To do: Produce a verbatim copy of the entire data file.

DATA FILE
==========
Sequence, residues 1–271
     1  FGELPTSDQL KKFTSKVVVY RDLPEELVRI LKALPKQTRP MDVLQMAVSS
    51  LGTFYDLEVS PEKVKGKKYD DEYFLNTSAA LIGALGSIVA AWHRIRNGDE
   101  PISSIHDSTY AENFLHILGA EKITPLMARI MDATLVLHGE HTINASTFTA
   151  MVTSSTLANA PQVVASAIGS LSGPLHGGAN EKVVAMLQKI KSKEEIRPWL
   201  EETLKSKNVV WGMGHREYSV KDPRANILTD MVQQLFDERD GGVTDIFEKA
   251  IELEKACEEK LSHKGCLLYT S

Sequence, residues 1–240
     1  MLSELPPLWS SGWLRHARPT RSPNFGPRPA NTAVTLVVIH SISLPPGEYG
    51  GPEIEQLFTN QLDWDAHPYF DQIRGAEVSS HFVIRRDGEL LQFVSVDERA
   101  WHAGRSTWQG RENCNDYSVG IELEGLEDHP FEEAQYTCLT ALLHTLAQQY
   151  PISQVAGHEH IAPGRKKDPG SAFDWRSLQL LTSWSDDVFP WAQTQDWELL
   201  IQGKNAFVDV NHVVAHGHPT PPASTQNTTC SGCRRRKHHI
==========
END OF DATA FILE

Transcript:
Sequence, residues 1–271
     1  FGELPTSDQL KKFTSKVVVY RDLPEELVRI LKALPKQTRP MDVLQMAVSS
    51  LGTFYDLEVS PEKVKGKKYD DEYFLNTSAA LIGALGSIVA AWHRIRNGDE
   101  PISSIHDSTY AENFLHILGA EKITPLMARI MDATLVLHGE HTINASTFTA
   151  MVTSSTLANA PQVVASAIGS LSGPLHGGAN EKVVAMLQKI KSKEEIRPWL
   201  EETLKSKNVV WGMGHREYSV KDPRANILTD MVQQLFDERD GGVTDIFEKA
   251  IELEKACEEK LSHKGCLLYT S

Sequence, residues 1–240
     1  MLSELPPLWS SGWLRHARPT RSPNFGPRPA NTAVTLVVIH SISLPPGEYG
    51  GPEIEQLFTN QLDWDAHPYF DQIRGAEVSS HFVIRRDGEL LQFVSVDERA
   101  WHAGRSTWQG RENCNDYSVG IELEGLEDHP FEEAQYTCLT ALLHTLAQQY
   151  PISQVAGHEH IAPGRKKDPG SAFDWRSLQL LTSWSDDVFP WAQTQDWELL
   201  IQGKNAFVDV NHVVAHGHPT PPASTQNTTC SGCRRRKHHI